Transcript of the joint press conference by Prime Minister Goh Chok Tong and Prime Minister Abdullah Badawi, at the Istana, 12 January 2004, Singapore


Mr Goh: "Good afternoon, ladies and gentlemen. As you know, Prime Minister Abdullah Badawi is on his round as the new Prime Minister of Malaysia. It is a very good tradition that new prime ministers go calling on their fellow prime ministers in ASEAN and I welcome him warmly as Prime Minister of Malaysia and, of course, also as a friend. I have known Abdullah Badawi for many years, but this is his first trip here as the Prime Minister, so the welcome, I would say, is more than usual for your visit to Singapore."

Mr Abdullah: "Thank you."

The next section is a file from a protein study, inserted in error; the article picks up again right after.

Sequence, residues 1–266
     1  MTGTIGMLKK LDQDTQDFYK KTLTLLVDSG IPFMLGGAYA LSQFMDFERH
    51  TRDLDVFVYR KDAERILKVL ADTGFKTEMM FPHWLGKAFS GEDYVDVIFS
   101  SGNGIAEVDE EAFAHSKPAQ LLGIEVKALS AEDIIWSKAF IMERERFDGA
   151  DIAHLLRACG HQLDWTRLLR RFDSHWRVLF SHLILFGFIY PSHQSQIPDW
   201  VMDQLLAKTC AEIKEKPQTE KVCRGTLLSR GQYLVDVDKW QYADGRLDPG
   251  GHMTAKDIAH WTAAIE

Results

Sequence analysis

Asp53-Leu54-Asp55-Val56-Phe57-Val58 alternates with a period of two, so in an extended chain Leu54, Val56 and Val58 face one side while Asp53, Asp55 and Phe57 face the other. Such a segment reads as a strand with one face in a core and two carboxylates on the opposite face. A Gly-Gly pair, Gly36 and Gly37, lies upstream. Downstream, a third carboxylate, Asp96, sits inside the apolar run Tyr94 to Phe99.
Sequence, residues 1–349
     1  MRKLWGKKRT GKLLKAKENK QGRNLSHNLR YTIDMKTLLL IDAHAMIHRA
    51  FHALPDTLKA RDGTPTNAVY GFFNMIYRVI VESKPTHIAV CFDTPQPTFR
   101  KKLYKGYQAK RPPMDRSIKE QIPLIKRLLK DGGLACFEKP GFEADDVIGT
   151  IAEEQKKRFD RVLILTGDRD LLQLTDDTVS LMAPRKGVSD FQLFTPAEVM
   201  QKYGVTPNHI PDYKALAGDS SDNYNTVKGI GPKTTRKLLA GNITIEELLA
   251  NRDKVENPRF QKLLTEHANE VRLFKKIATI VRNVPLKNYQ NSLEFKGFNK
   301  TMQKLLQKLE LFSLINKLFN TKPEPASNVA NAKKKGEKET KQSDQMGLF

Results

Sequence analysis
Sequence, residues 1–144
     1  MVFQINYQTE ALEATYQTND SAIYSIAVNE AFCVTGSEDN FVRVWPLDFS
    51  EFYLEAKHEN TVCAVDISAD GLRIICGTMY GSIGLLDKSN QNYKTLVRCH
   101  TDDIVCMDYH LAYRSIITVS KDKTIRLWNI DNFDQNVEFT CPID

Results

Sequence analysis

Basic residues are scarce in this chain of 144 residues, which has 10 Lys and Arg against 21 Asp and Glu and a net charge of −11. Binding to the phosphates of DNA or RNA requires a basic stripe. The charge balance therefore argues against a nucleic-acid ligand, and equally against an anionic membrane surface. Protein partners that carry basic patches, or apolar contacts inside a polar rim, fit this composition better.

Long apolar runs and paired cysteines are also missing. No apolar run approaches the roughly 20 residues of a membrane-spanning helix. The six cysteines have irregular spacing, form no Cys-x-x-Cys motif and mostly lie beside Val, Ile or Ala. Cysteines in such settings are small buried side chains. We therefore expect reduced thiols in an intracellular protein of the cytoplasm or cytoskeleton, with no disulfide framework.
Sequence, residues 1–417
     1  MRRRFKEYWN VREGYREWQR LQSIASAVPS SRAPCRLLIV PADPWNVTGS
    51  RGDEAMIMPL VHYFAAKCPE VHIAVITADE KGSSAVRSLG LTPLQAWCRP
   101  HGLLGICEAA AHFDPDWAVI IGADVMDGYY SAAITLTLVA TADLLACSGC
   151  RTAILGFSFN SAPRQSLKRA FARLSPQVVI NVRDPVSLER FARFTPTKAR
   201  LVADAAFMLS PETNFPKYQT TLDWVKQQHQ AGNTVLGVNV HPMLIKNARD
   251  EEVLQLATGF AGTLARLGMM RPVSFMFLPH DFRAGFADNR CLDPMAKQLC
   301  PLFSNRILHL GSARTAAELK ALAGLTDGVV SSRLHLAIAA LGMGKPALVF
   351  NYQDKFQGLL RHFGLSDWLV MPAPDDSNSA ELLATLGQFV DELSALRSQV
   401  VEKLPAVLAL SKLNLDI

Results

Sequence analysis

Mr Goh: "We took advantage of his courtesy visit to review our bilateral relations and basically both of us are determined to find ways to put our bilateral relations on the right track. It's important that we do so, not just for ourselves but also for ASEAN, and we discussed ways on how we should maximise the common areas in order to strengthen our cooperation for the benefit of ourselves and for ASEAN. I had a very good, frank and friendly exchange with Prime Minister Abdullah Badawi. I told him frankly how I saw we could move our relations forward. I have been at this for many years now discussing issues with Prime Minister Mahathir and, over the years, the issues which we discussed as a package and, later on as individual items outside the package, have ended up in what I told him as "dead knots". It's like Gordian knots. You can't untie them. So I suggested that maybe for the future, we should refer these "dead-knot issues" to third parties to arbitrate or to adjudicate. Then we can look forward to cooperation in many areas and if there are new issues, we will try and resolve them before they become tied in knots which we could not disentangle. But Prime Minister Badawi prefers that we give it another try. He would like to offer new ideas. He wants to think out of the box to see how we can resolve the issues. Basically, he prefers discussion before we move them to a third party. I listened to him. I told him that I'm agreeable to his approach if he can come up with something which we can consider. So that's the agreement that we have: Let's try and discuss and see how we can resolve the issues. If we can't resolve them, both of us will be alert to the danger of tying ourselves in knots again. So if we can't resolve the issues, we would recognise it and then, of course, we would at that point of time, refer them to third parties. But, of course, we hope that doesn't come about. We do want to try and see how we can move our relations forward. Basically, those are the main points which we discussed this morning. There were some other points which the Prime Minister may be happy to elaborate on."